One merit of these experiments is that (except possibly from fan) you do not need to worry much about EMI!

  • PS - Huxley's Law of LENR electrolysis. The tighter your experiment - the lower the achievable excess heat.


    :)


    Just to show you that I'm a skeptic. Sometimes think I should follow Miles with He/Excess heat and do "experimental error" / excess heat meta-analysis, trying to prove Huxley's Law.


    The problem with that is that the experimental error bounds are so very difficult to establish. They depends on all these factors different from the stated noise and resolution. so Huxley's Law is going to be pretty well impossible to prove.


    Sticking with one experiment, preferably showing a higher excess power out / power in ratio, and instrumenting and measuring the heck out of it is the way to go I think. Iterative critique and extra checks/instrumentation would close any holes (as long as the effect persisted).


    The thing about long-term excess power out / (heating) power in is interesting.


    Ed here (& Jed) claims it does not matter - because it is excess power / noise/resolution that matters.


    I think though that at these low excess power outputs much more care is needed to eliminate small unexpected effects. Even if an experiment passes all checks people can think of, many will say - this result is so small - there could be some error at that level we just have not considered.


    i will accept though that the more data there is, and the more a given calorimeter is characterised in different ways, the more believable lower levels of excess heat will be. So this is not a definite limitation.

  • One interesting thing.


    If the excess heat results are all - or even mostly - correct - it is clearly possible to get significant LENR excess heat from cathodes. Given we now understand more how to prepare them - are the experiments now achieving better performance in excess W/cm^2 than earlier experiments? Or worse? Or the same? It would be an interesting comparison. Is there any correlation between type of experiment and excess heat?


    Although proving Huxley's Law (which may of course not be true) is probably impossible, a detailed look at how excess heat measured in various ways, compares across types of experiment and time would be of some value in understanding the whole set of information.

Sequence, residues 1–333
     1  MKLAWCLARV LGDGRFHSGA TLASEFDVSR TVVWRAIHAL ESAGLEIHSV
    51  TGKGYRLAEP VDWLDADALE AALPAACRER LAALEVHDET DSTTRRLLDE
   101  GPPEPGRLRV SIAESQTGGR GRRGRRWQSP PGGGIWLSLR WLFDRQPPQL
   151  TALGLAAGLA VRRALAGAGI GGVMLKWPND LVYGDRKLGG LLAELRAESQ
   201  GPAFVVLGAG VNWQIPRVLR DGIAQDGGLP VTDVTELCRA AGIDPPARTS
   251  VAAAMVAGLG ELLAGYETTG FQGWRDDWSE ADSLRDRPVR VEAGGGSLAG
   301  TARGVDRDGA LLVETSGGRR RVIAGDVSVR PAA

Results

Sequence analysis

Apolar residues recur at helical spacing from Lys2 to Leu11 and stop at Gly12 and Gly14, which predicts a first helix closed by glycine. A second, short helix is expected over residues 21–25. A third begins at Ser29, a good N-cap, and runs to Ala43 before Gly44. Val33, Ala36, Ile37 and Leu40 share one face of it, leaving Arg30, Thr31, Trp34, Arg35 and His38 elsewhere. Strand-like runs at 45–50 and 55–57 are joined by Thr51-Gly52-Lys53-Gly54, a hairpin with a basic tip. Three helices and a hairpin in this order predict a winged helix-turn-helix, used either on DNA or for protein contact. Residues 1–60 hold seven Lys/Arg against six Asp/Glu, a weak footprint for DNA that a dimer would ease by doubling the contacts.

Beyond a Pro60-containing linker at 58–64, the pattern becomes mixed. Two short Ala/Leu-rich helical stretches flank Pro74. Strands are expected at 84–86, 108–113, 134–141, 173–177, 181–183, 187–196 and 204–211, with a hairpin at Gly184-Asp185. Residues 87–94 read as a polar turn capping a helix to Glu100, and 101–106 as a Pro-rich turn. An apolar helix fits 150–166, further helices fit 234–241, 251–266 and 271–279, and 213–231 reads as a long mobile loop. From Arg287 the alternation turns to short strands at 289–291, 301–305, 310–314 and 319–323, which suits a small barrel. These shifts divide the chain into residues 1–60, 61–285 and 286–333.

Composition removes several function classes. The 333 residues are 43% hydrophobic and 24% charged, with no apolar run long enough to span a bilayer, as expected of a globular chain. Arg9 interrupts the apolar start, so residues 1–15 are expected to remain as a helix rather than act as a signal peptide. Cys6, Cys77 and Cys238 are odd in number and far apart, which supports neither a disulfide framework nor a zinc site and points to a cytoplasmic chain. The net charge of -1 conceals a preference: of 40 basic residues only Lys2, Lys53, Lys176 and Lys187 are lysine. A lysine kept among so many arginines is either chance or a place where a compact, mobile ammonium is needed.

For precision I'd restrict it to electrolysis experiments where the different types are well understood and there is a lot of data. E.g do open cell experiments show higher excess heat than closed cell ones?


    THH

  • Although proving Huxley's Law (which may of course not be true)

    Huxley’s wish, at most.


    I have a question for Storms :


    In my original professional field calorimetry is generally used only for nutritional and or livestock raising purposes.


    The classic bomb calorimeter is used to determine the content of chemical energy in a feedstock, and it implies burning the sample with an electric resistance of known energy expenditure and seeing which temperature rise it causes in a known volume of water.


    My question for Storms is: do you think that an LENR experiment could be designed that could use a bomb calorimeter to reveal excess energy?


    Only asking because the local university does bomb calorimetry as routine.

    I certainly Hope to see LENR helping humans to blossom, and I'm here to help it happen.

  • A bomb calorimeter would not work because this is used to measure a one-time event. LENR produces continuous energy that sometimes needs to be triggered.

  • THH, notice in my paper that energy is produced when D2 is present and the energy goes away when the D is removed. Does this have no meaning to you? Does this not demonstrate that the calorimeter is actually measuring excess energy?


    As for the Staker paper, his type of calorimeter may look good to the unskilled but this type has been found to have hidden errors. I do not have the time or patience to do a critique. I have discovered that such critiques are a waste of time, as the present discussion has demonstrated. If a person wants to avoid the kind of discussion we are presently experiencing, he needs to actually address the known errors using a proper design.


    I have done this. So why is my work not used to prove that LENR is real? I have provided a series of papers based on a proper design that produces values that are consistent with other measurements. For example, I used the method to measure the enthalpy of formation as a function of H/Pd ratio. The values agree with other measurements done by other people, thereby demonstrating that the calorimeter and method are accurate. No one else has done this kind of test, yet you keep using their proposed errors to reject the LENR. Why?

  • I have done this. So why is my work not used to prove that LENR is real?